Mass marketing is so 1990's! Spend spend/waste wasteThis blog will take you in a different direction. It focuses on association recruitment and retention of members by using targeted methods and communications, and there will be an occasional sojourn into related topics of interest. Rather than discuss the broad, the general, and the "same old," the goal of this blog is to provide useful tools, fact sheets that answer specific questions, and inspiration to those looking to make their jobs more interesting and fun.Thank you for visiting and I welcome your feedback and ideas.

Posted By Leah Baker

We identify 9 types of association members based on their professional needs and expectations. Our program called YTheyJoin™ was developed using scientific methodology. (For more info about its development and the extensive crosstabs, please see the book by Dr. Dale Paulson, “Allegiance: Fulfilling the Promise of One-to-One Marketing for Associations.”) 

 

 

         “YTheyJoin – Nine Member Types”

Mailboxers – want info through mail or computer

Relevant Participants – want to attend meetings

Shapers – want to be on committees and shape policy

CompShoppers – compare assn to other sources of info or benefits

Cognoscenti – want specialized info not available elsewhere

Boosters –  want assn to improve their image

Altruistics – believe in your mission and want a leg voice

Doubters – resist change and new initiatives

Non-Relevants – retiring or changing professions

 

Can you guess which member types dominate your assn? Here are the top three member types for some national assns, taken from the Allegiance book.

 

US Chamber of Commerce: Altruistics 51%, Mailboxers 31%, Cognoscenti 7% 

Urban Land Institute: Relevant Participants 31%, Altruistics 23%, Shapers 21%

Am Soc of Assn Execs: Mailboxers 38%, Cognoscenti 18%, Relev Part's 17%

 

Each assn that does YTheyJoin receives a Pie Chart showing the distribution of member types in their assn, a Summary of Implications, and a Workbook with marketing ideas for each type. For more info call 703-772-5263 or e-mail AllegianceResearch@gmail.com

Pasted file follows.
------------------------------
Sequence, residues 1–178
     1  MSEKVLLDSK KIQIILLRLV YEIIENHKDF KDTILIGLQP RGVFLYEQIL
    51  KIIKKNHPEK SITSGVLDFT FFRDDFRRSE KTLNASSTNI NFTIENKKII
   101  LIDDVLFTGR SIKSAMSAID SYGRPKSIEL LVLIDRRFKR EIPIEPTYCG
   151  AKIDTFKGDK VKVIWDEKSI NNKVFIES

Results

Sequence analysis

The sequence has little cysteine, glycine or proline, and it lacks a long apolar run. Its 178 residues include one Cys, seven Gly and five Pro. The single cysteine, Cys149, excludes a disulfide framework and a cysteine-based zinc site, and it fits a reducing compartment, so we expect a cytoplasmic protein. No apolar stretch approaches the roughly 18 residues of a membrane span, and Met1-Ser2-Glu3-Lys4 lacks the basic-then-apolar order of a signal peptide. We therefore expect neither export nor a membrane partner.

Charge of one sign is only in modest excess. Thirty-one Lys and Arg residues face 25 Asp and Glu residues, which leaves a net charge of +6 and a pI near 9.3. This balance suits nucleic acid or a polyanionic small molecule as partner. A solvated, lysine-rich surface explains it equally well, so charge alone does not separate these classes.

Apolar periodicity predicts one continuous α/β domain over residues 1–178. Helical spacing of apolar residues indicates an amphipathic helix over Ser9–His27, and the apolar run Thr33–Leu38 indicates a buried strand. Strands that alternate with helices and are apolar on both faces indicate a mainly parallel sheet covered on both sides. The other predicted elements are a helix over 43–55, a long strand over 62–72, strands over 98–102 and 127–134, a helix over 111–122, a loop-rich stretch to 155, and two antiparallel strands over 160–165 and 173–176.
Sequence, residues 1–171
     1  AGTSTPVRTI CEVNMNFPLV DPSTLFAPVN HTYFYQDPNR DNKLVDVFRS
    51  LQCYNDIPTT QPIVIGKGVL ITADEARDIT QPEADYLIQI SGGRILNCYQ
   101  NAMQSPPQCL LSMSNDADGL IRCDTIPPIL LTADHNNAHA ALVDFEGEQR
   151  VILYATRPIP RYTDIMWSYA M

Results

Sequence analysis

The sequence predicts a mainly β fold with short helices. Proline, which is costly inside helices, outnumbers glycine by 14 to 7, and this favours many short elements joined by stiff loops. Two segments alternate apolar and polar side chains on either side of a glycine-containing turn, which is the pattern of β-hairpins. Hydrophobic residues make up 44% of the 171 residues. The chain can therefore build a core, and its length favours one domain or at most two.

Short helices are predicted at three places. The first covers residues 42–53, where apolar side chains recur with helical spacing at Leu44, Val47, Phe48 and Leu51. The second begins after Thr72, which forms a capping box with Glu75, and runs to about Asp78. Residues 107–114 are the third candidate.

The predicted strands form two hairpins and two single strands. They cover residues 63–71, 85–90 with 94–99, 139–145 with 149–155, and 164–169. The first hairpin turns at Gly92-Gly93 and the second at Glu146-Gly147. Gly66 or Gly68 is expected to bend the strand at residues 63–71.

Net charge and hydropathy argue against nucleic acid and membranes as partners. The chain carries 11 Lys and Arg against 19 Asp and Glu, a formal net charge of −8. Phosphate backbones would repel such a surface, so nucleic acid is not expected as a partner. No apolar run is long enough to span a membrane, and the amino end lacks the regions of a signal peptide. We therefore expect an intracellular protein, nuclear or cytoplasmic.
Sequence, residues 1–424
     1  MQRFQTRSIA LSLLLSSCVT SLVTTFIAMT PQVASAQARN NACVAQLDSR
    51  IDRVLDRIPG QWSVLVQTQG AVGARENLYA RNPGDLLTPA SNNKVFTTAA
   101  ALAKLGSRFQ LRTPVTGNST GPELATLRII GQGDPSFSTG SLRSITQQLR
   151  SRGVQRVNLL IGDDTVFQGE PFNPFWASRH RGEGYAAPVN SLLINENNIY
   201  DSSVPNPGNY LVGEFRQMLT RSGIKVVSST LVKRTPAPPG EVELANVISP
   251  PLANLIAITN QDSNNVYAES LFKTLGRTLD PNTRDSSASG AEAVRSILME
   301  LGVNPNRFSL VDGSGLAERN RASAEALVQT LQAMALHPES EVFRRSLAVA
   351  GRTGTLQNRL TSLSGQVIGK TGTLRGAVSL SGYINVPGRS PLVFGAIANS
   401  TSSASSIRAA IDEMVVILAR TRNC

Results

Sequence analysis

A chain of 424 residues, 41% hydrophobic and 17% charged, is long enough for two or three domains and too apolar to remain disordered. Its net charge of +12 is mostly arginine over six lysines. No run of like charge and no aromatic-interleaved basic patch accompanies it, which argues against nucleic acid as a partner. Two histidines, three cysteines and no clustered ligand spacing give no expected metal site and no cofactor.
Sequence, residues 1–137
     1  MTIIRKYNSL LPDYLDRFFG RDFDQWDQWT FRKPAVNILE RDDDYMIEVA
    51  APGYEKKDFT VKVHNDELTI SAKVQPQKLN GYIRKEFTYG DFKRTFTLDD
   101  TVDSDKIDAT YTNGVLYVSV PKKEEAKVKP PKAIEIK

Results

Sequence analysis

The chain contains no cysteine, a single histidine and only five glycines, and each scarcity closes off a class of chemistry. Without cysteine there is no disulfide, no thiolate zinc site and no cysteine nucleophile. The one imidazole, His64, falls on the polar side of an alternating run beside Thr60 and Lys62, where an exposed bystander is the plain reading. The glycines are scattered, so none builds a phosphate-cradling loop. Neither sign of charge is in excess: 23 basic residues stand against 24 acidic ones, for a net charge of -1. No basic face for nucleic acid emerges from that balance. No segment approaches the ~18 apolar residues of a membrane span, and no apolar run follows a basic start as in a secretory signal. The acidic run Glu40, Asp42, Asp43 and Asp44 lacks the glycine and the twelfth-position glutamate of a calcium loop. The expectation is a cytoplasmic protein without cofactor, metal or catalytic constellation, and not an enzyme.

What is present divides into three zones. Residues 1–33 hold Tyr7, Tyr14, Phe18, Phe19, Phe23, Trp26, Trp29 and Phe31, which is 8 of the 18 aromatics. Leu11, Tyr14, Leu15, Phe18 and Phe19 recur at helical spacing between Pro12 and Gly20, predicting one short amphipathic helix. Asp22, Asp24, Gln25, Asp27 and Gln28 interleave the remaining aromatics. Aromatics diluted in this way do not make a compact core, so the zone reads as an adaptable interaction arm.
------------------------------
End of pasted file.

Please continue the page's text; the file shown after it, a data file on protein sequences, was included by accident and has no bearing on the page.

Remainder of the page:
Posted By Leah Baker

 YTheyJoin™ knows that members have varying needs and expectations. They attend meetings, buy products, read articles, become volunteer leaders, and mobilize for action at varying rates. By understanding their needs and expectations you can segment members into nine types such as Shapers, Cognoscenti, and Altruistics. It starts by asking members or prospects a simple question, “what do you expect from the association?”

 

How is member segmentation and target marketing different from other methods?

 

* It is unlike data mining that is based on past behavior, is time-consuming, and has little or no info on first-year members.

 

* It is unlike mass marketing/direct marketing that is expensive, wasteful, assumes everyone is the same, and achieves very low response rates.

 

* It is unlike membership surveys that just go to a small, random sample and answers are not recorded in member records.

 

* It is unlike membership or renewal applications that are cold and impersonal.

 

YTheyJoin gives you the opportunity to change all this. It may be the only time you ask every member why they wrote the check and what they expect. The one-page form (see May 14 article in this blog) goes to all members and their most important answers are recorded in your member database. Members appreciate being asked about their needs, and a personal relationship can be established. It makes your job easier and personal relationships also lead to increased loyalty to the association. The form can also be given to prospective members and in that case you ask, "why would you join the association?"

 

For more info about the YTheyJoin program, visit www.YTheyJoin.com, e-mail AllegianceResearch@gmail.com or call 703-772-5263 in the U.S. We welcome inquiries from around the world.


 

 

 
Google

User Profile
Leah Baker
Washington, ...

 
Archives
 
Visitors

You have 1200925 hits.

 
Latest Comments

No Latest Comments at this time.

 
Navigation